Celebrating resistance: International Women’s Day
March 8, International Women’s Day, is a day to celebrate our struggle for equality and liberation.
When the Socialist Party of America celebrated the first Women’s Day on February 28, 1909, it was in honor of the 1908 garment workers’ strike in New York, where women fought against horrible working conditions. From the moment women entered the labor struggle, they have been at the forefront of the fight against the bosses. That’s why in 1910, at the Socialist International meeting when Clara Zetkin proposed that Women’s Day become an annual celebration of resistance, it was approved unanimously.
1911 was the first year that International Women’s Day was celebrated, and millions of people marched and attended rallies in over 17 countries. In the following years, Women’s Day became a rallying cry for many different issues, from the anti-war to the suffrage movements.
In 1917 Russian women took to the streets, March 8, under the slogan of “Bread and Peace” to protest the war. Four days later the czar abdicated his position and women won the right to vote.
International Women’s Day has evolved and shifted, as each year brings on a new struggle against oppression. Despite over 100-plus years since the first International Women’s Day, the original character of the day remains intact. On Women’s Day we celebrate the resilient resistance against inequality and oppression, while courageously fighting for liberation.
As we celebrate in 2020, we look back on the last year. The third year of the Trump administration saw outrageous reactionary attacks. We saw a slew of anti-abortion laws in Alabama, Georgia, Louisiana, Ohio, Utah, Kentucky and Arkansas. These laws directly affect our ability to have a say over our health and futures. We continued to see attacks on immigrant women on the border and in detention centers. We saw 25 murders of transgender and gender non-conforming people; many suspect higher numbers, as many deaths go unreported or the victims are purposefully misgendered. It’s unconscionable that the majority of trans women killed are oppressed nationality, especially African American, women. We continue to see the highs and lows of the #MeToo movement, as people continue to come forward demanding justice.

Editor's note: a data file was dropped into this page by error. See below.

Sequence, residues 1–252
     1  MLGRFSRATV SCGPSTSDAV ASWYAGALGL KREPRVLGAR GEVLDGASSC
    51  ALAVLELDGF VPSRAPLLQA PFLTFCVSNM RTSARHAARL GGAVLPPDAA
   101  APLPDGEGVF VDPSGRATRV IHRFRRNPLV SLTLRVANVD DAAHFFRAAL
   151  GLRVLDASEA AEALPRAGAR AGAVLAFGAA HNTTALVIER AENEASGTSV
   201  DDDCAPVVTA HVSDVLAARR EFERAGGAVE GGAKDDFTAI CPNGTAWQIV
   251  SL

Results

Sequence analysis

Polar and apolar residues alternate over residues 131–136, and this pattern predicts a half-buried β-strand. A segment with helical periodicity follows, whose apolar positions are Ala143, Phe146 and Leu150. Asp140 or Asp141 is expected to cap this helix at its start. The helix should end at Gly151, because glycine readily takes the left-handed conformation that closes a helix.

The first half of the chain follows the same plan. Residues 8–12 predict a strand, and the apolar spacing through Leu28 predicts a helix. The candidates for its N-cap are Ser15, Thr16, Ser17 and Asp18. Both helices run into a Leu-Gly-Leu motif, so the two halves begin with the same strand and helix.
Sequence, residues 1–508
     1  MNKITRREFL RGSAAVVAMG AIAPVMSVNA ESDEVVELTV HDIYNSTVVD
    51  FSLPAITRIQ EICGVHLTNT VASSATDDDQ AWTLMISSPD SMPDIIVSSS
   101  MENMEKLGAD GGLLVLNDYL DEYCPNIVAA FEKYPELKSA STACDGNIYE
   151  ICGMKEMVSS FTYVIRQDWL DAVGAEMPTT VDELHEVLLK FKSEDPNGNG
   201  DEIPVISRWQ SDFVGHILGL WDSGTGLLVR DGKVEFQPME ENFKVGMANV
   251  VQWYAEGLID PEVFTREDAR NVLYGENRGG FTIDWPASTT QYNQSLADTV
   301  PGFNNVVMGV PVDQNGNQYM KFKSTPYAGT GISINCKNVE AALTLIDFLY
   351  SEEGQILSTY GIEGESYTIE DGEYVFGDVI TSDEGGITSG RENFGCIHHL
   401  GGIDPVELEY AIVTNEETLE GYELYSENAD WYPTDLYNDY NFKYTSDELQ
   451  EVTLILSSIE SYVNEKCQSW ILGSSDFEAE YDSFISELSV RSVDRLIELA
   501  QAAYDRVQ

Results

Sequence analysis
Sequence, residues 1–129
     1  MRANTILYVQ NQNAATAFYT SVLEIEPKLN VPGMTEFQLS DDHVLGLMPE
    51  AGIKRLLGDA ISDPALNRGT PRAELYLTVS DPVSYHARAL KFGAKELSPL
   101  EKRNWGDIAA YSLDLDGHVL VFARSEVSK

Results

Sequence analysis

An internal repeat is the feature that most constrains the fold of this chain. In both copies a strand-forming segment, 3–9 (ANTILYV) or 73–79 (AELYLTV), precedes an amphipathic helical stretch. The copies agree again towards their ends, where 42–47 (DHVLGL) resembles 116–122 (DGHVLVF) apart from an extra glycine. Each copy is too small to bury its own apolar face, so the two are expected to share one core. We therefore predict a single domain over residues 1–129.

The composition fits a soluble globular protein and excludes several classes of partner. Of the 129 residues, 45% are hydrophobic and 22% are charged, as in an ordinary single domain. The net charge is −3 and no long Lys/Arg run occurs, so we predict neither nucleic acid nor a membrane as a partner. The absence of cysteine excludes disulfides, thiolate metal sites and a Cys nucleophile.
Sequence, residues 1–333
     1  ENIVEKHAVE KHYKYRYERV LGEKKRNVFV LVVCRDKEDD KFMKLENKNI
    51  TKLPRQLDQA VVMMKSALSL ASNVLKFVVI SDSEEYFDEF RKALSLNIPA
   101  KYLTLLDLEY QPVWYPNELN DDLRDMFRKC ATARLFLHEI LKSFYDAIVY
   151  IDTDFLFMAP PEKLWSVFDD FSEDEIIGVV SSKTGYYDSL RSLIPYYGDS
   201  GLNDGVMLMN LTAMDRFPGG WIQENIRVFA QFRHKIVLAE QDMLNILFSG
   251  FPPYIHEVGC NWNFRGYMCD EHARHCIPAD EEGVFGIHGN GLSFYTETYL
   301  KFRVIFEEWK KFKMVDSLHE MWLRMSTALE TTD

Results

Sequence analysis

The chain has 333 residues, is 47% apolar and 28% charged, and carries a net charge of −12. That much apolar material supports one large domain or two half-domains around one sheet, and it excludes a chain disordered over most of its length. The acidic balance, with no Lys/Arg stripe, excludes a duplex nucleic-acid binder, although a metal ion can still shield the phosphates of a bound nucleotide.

Yet, for every attack that the government and monopoly capitalism has launched, women and gender non-conforming people have doubled down their efforts and fought back. 2019 was a year of unprecedented struggle!
We can start in Chicago, where members of the Chicago Teacher’s Union (CTU) waged an incredible strike that not only won rights for themselves as workers, but rights across the city for students, parents and communities. We saw teachers’ strikes throughout the country fighting for a world where students can receive a better education and the teachers can earn a better living.
In Canada, we saw incredible indigenous movement led by women and gender non-conforming people who demanded that the government finally acknowledge the ongoing genocide of the indigenous population. They won their demands and are continuing to fight against the ongoing violence.
Women hold up half the sky. The stronger the role of women, the stronger will be the people’s movement.
As we enter a new decade, we enter a new decade of struggle. The 2010s were tumultuous and yet full of victories. We can bring renewed power and passion for justice to the 2020s, bolstered by the lessons we learned in the previous decade. There’s no way we’re going backwards. We will shatter the chains of oppression. We have our liberation to win!
May the new year and new decade be one of struggle and worthy victories!
Long live International Women’s Day!